« Reply #359 on: April 02, 2012, 09:22:56 AM »
Well, the concert hall (Salle Gaveau)  was freezing cold and about one third full. He was obviously disturbed right from the start when he saw someone taking photos, and he signalled to stop. After the initial pieces (Byrd) he politely asked the guy to stop. Result: the guy  became offensive ("people have already started to walk out of the concert", " all this fuss just for a photo" . . .) Hantai was evidently disturbed and it showed when he played the Bach. The overture sounded angry. But he'd calmed down by the time he came to the Sarabande and the Meunuets were fantastic -- with a wonderful sense of dialogue between the voices. Generally I was stuck by two things. First, at times the Bach was very busy with ornamentation. And second, he had a way of highlighting dissonances which I hadn't noticed before. The best bits  for me was the Byrd and an unidentified L Couperin prelude and chaconne and that Bach menuet and Sarabande.  I love everything I hear by Byrd though!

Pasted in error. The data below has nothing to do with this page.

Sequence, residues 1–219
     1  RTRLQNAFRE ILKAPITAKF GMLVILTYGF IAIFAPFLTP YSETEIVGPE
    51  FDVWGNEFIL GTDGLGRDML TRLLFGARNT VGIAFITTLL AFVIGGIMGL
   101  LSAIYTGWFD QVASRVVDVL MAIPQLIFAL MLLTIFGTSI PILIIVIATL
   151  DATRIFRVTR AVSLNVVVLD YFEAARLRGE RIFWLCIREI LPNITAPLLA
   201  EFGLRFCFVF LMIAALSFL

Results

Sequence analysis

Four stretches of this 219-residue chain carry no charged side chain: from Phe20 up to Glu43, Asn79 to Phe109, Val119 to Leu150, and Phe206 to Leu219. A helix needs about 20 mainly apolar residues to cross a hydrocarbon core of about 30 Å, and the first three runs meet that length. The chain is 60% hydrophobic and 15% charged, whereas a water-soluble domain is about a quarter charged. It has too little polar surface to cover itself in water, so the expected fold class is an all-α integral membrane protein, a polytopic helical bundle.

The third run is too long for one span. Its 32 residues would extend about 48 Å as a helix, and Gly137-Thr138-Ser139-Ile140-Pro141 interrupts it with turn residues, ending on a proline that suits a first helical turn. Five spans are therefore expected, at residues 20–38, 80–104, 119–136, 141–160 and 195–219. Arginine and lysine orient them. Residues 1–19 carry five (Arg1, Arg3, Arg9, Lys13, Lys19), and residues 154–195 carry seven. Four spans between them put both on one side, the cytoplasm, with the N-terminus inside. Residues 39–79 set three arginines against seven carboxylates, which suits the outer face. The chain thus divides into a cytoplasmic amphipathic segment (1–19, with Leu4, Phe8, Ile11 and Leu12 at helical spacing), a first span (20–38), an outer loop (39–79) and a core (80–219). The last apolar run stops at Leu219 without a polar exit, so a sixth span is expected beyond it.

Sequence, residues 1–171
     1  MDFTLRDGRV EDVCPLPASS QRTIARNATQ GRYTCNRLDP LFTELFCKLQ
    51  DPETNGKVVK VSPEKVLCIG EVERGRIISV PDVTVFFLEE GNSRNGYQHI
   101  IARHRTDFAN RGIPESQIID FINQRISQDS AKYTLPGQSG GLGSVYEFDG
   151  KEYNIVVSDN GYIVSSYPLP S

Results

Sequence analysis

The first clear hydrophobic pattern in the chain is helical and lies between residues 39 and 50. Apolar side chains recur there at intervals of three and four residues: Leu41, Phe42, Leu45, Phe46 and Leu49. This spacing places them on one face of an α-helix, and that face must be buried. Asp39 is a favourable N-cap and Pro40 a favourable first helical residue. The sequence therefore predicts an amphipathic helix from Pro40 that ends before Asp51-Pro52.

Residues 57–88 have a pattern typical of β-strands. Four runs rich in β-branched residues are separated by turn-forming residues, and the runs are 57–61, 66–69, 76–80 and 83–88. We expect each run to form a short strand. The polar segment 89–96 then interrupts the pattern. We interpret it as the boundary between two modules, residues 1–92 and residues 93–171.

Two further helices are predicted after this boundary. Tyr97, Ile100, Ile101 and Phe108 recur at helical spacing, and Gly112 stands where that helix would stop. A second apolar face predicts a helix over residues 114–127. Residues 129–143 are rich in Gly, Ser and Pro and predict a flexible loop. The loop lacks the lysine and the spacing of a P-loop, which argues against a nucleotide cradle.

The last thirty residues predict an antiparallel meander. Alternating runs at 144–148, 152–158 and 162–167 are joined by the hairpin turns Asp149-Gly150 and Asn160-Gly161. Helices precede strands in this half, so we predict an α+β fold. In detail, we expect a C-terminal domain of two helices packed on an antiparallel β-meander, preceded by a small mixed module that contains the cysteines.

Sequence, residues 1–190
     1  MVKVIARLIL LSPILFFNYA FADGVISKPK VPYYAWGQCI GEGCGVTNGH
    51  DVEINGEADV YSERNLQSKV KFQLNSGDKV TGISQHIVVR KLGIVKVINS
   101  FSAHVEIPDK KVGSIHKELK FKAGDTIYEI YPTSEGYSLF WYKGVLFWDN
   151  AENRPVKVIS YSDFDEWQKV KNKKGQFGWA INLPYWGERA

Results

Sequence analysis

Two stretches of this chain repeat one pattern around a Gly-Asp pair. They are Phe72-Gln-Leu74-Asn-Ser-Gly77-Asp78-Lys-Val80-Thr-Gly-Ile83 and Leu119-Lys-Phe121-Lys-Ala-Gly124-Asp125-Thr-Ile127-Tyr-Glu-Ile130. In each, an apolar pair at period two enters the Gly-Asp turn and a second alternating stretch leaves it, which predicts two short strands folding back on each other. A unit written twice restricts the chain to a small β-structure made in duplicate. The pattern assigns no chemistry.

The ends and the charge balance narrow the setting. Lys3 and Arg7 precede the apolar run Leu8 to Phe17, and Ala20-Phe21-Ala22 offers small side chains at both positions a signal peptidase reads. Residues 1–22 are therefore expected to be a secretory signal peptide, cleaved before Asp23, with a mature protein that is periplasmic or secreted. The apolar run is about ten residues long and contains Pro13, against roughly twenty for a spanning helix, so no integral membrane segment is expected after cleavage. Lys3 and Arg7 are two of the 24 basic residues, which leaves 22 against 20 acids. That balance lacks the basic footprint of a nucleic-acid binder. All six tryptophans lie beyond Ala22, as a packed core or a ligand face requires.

I heard her play a Mozart fantasy and a Haydn sonata. She played D960   but I had to leave early so I missed it. I thought she was frankly mediocre. She's got a very rich and burnished tone though. In both the Mozart and the Haydn contrasts and drama were resolutely avoided. The result was beautiful, rich and trivial. In Haydn especially she seemed to have nothing at all to say: no wit, no intensity, just a sort of warm comfortable mellow burnished sound.

Thanks for your thoughts, especially regarding Zhu Xiao-Mei. The tone of her performances of those works are qualities I would highly enjoy, it sounds like a great concert!